Why you should volunteer with your children

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I started volunteering summers when I was 11 years old. My dad worked at the Red Cross in Arkansas, and he brought me along to help.

I didn’t realize it at the time, but my mornings teaching adorable five and six year olds to swim set the foundation for my life philosophy and how I would approach people, other cultures and travel.

Since then, I’ve baked cupcakes to raise money for school supplies in Panama, cut fruit to feed monkeys and bears in Bolivia and taught art and photography classes to children in tiny villages in Argentina.

Because I travel with my 9-year-old daughter, Lila, she works right along beside me.

Why Volunteer With Your Child?

Volunteer with your children
The whole family in Iceland

Recently, a woman named Pippa Biddle wrote an article outlining the problematic nature of volunteering. Her main point being that unless you have the experience to volunteer, it’s best to stay home.

Obviously, most children don’t have extensive international aid experience. They are more needy than the average adult and usually less able of controlling themselves, perhaps leading you to question whether volunteering with children is a good idea. Some may call it irresponsible to bring a child with you.

I do not believe that to be the case.

You will learn amazing things while volunteering

Children are capable of incredible things, and too often adults underestimate what they can do.

Volunteering requires a high degree of maturity, patience and kindness. All of which are qualities children possess and are more than able to further cultivate.

Lila has learned responsibility. She took on the job of feeding birds and not only made sure they ate on time every day but remembered to prepare a special dish for the toucan.

Toucan
A toucan at a wildlife refuge

She gained skills and knowledge through her volunteer experiences.

Lila learned what monkeys and birds eat, not in a classroom or from a video, but because she fed and cared for animals at a natural habitat wildlife refuge. She also understands the importance of preserving their environment, because she has seen first hand what happens to those animals when their forests are destroyed.

Lila can handle herself in different cultures and in different languages. In truth, we learn language far more quickly before adolescence. What better way to learn than through real world communication?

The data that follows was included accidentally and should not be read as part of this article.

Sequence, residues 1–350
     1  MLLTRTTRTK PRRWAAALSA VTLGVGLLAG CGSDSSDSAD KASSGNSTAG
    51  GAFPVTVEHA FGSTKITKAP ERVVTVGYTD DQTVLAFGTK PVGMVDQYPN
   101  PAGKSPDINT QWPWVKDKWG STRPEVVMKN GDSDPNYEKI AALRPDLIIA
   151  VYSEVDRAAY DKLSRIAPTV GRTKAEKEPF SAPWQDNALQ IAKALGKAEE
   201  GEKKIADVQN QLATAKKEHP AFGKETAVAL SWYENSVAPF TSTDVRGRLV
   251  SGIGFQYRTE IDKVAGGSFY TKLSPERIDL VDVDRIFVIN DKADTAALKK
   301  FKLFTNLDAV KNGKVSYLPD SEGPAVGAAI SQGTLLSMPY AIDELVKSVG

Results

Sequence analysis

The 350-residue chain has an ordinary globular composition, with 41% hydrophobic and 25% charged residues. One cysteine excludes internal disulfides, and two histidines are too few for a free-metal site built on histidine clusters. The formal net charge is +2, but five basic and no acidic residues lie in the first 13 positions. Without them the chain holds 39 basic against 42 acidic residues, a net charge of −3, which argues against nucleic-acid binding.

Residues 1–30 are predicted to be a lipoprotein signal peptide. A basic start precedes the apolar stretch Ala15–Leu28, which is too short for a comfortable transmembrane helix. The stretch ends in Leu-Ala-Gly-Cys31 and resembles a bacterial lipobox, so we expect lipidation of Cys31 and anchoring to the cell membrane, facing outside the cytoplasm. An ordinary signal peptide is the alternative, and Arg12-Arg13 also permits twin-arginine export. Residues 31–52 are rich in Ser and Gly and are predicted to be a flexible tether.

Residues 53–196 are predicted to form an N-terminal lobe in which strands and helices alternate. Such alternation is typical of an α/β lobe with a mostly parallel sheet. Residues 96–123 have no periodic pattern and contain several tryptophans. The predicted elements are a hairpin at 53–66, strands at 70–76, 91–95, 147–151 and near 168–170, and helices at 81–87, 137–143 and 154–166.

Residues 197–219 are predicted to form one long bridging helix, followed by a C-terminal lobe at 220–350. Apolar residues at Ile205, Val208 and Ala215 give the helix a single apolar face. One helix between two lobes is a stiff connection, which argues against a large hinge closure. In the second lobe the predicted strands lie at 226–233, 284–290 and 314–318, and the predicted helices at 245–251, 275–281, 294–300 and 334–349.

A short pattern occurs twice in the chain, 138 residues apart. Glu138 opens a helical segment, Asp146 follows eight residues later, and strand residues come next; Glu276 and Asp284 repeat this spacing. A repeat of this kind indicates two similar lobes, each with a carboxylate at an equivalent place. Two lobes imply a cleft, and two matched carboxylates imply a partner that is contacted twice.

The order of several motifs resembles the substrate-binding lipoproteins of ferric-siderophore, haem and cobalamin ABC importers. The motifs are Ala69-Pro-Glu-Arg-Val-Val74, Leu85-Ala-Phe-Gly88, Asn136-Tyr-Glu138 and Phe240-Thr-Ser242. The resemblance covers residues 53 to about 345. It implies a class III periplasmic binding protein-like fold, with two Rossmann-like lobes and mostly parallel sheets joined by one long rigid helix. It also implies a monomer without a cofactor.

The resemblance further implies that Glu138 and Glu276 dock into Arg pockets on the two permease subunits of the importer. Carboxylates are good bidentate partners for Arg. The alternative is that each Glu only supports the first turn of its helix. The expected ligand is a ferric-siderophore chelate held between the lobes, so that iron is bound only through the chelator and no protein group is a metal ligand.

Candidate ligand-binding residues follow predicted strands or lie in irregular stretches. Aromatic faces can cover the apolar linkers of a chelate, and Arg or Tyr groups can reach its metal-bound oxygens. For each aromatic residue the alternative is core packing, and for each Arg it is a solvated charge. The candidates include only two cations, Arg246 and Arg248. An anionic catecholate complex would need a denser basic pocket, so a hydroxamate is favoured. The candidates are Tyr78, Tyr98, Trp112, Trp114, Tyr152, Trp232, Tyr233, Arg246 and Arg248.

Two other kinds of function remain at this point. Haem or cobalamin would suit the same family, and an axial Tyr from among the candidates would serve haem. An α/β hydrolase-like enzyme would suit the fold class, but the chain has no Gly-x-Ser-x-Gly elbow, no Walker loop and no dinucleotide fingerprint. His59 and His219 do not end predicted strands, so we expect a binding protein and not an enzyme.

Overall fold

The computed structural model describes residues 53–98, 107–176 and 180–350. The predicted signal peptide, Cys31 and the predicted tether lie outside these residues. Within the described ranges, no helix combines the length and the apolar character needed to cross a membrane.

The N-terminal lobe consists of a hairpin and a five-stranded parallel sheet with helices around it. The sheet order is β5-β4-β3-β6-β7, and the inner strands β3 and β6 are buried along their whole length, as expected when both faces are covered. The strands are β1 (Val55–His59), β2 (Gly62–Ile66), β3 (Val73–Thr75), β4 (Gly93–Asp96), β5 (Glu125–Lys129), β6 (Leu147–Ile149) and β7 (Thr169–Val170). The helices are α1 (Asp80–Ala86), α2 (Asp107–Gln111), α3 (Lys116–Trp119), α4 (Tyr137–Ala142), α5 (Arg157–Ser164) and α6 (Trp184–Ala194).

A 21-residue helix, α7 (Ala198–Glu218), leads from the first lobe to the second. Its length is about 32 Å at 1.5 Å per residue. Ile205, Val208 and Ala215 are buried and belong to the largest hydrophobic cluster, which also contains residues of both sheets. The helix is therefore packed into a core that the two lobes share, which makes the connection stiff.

Traveling and volunteering with Lila have deepened not only her independence but my confidence that Lila can handle herself.

6 Tips For Volunteering With Your Children

Volunteering with children South America
Lila sorting donated shoes in NW Argentina

It’s important to remember that volunteering comes with guidelines. These tips will help ensure a safe and positive experience for you and your child.

1. Your child must be part of the decision making process.

Talk to your children before volunteering to make sure it’s what they want to do and that they understand exactly what is expected of them.

2. Ask the NGO or organization if they allow children.

Many places will automatically say no. That is their prerogative. The work they do may be dangerous or they don’t have the appropriate resources to support a child. Even if an organization has a no children policy, it never hurts to ask if they’ll make an exception. Don’t push if it’s not a good fit.

3. Find out what work you will be doing.

Not every volunteer group will have a clear outline of the work, so it is up to you to ask questions, contact past volunteers and talk to people at the organization to find out how you can be most helpful and what work you will be doing. You can also offer additional skills you may possess.

4. Pack well and carefully.

Many volunteer organizations will have a list of what you’ll need to pack and how to prepare for your trip. If you can’t find one, ask.

While many organizations provide for your basic needs, it’s best to be as self sufficient as possible so as not to be a drain on resources. Also, check to see if you can buy food, water, first aid and other items nearby should the need arise.

5. Prepare for the trip together.

There are many ways to build excitement and create clear expectations for your trip prior to your departure date. You can pack together, purchase whatever items you need, research the subject and even learn a language.

6. Work up to a long trip.

Don’t start by dragging your child from home where they’ll be surrounded by people who speak a different language and living without their usual amenities. Instead, start with something more simple. Find volunteer opportunities closer to home.

A little volunteering philosophy before I end

It is all about attitude.

It is indeed problematic if a volunteer walks into a community thinking of himself as someone who is there to bestow knowledge on a people who don’t know.

It is even worse when volunteers use resources that would be better left to the community. If, however, you enter the community with the desire to learn and a willingness to take instruction, you send a different message.

I’ve found that showing up with a child allows me to integrate more seamlessly into the local community, because the role of parent cuts through all cultural and language boundaries.

When Lila sits on the dirt floor of a one room church in a tiny village with no running water and no electricity and draws with a child her own age, she builds relationships based on common experience.

When you treat people with respect and are considerate of their time and culture, you teach your children that money, privilege and color of skin do not determine worth or friendship, and that is an incredibly powerful lesson for all.

Question:

Have you volunteered with your children? Share your experiences and tips in the comments below.

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